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Thorn bushes in Namibia.
Thorn bushes and trees house ticks in the country of Namibia where an Oklahoma State University researcher visited to build collaborative relationships for tick research. (Photo by OSU Agriculture)

OSU Ag Research collaborates with African researchers to combat ticks

Thursday, May 18, 2023

Media Contact: Alisa Boswell-Gore | Agricultural Communications Services | 405-744-7115 |

An Oklahoma State University researcher recently traveled to Namibia, located in southwest Africa, to establish a relationship with the University of Namibia in hopes of combating one of the world’s most problematic parasites.

“I’ve wanted to get back to Namibia ever since I arrived here,” said Dr. Bruce Noden, OSU associate professor of medical and veterinary entomology, who worked at the Polytechnic of Namibia (now the Namibia University of Science and Technology) from 2010 to 2013.

In Oklahoma, Noden has studied the encroachment of eastern red cedar and the tendency of ticks to live underneath the invasive tree species. In the dry climate of western Oklahoma, ticks prefer the humid climate under eastern red cedars.

Namibia faces a similar tick problem with the invasive plant species of thorn bushes and trees.

“The eastern red cedar is providing a habitat that ticks would not normally have in the dry climate, so our question was if it’s happening here with this tree, what’s happening in parts of Africa experiencing woody plant encroachment?” said Noden, who traveled to Namibia for six weeks in January and February through the Department of State’s Fulbright Specialist Program, which allows short-term trips for creating collaborative relationships, teaching courses or helping institutions establish curriculum.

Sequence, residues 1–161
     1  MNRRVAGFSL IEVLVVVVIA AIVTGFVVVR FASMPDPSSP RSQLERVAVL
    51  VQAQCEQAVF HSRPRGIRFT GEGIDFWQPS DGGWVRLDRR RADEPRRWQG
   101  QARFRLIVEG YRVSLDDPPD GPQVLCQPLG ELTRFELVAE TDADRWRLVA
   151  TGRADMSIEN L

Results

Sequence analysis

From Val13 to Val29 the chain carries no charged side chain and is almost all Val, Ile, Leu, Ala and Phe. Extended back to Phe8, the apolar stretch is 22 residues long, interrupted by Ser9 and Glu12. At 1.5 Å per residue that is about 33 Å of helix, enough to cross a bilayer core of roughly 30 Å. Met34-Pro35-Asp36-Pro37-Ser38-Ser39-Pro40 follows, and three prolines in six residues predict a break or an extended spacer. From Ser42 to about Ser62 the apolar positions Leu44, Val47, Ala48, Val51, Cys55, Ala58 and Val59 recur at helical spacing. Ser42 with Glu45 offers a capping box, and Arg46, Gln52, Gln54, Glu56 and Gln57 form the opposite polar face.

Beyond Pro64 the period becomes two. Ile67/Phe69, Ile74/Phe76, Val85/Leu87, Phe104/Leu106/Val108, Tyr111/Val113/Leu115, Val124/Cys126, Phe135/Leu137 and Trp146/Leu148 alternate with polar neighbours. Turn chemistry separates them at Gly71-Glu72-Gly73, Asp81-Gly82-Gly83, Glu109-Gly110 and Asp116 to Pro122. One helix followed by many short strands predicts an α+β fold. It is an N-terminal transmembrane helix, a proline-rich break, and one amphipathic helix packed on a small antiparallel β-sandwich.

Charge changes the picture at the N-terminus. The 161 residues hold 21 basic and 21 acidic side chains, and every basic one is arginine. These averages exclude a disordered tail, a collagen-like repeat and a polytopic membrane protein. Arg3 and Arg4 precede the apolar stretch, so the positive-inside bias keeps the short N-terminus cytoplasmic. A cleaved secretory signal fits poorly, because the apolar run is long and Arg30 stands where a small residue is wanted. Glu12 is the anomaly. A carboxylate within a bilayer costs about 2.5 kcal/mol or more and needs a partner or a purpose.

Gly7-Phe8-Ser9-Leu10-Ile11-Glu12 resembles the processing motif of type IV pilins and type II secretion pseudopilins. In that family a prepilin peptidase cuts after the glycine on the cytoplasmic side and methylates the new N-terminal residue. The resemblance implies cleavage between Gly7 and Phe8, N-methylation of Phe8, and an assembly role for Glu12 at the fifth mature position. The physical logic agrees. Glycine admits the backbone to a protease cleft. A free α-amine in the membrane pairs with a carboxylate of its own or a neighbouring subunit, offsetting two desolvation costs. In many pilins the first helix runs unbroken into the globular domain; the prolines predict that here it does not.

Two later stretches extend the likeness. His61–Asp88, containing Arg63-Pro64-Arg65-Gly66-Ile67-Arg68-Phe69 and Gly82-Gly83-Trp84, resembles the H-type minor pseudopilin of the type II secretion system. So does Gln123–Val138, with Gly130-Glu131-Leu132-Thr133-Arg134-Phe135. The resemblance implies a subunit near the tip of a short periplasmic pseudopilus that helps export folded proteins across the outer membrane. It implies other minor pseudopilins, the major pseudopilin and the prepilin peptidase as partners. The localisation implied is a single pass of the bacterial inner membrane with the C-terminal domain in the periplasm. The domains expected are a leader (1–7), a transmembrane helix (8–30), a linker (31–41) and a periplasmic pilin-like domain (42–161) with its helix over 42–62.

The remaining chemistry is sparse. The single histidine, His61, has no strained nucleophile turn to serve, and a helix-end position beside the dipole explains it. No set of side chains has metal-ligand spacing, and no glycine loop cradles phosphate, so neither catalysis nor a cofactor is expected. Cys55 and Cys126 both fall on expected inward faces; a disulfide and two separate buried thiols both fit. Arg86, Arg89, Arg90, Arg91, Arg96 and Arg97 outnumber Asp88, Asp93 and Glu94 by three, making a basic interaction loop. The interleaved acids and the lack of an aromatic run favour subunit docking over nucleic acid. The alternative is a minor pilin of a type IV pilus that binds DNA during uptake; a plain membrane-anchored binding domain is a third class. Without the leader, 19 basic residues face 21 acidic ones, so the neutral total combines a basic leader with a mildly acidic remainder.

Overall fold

Noden said the goals of his trip were to establish a relationship with Dr. Simbarashe Chitanga, associate professor of veterinary parasitology at the University of Namibia, and to renew old contacts in the country to get a feel for its current research climate. Chitanga previously reached out to him about his tick research, and the two researchers discussed collaboration.

“A good amount of the time was spent getting to know each other, going out and looking for ticks in the vegetation, pulling ticks off of cattle, identifying ticks, providing feedback on some of their research proposals, and updating my records on what has been found in southern Africa regarding ticks,” Noden said. “In general, we were trying to develop an ecological framework, so if I go back there to work on this issue, we know what is already known and what still needs to be done.”

Noden is concerned about Africa’s tick problem because of the human and animal diseases that can result from pathogens in the ticks.

“A lot of these encroached areas in Africa are where high amounts of free-range, hormone-free beef is being raised for export to the U.S. and Europe, and there are some significant pathogens in their ticks,” he said. “If we can link the ticks with encroached areas, then they can get rid of their encroachment to take care of some of their tick problem. But we don’t know that yet. That’s why we need to be there.”

Noden said he is applying for funding in hopes of returning to Namibia for two to three months next year.

“It is a whole different world than ours, so the question is can we take what we’re learning here and apply it there?” he said. “If I were to return, I would focus on getting preliminary data on what’s happening with thornbush encroached pastures and ticks in Namibia.”

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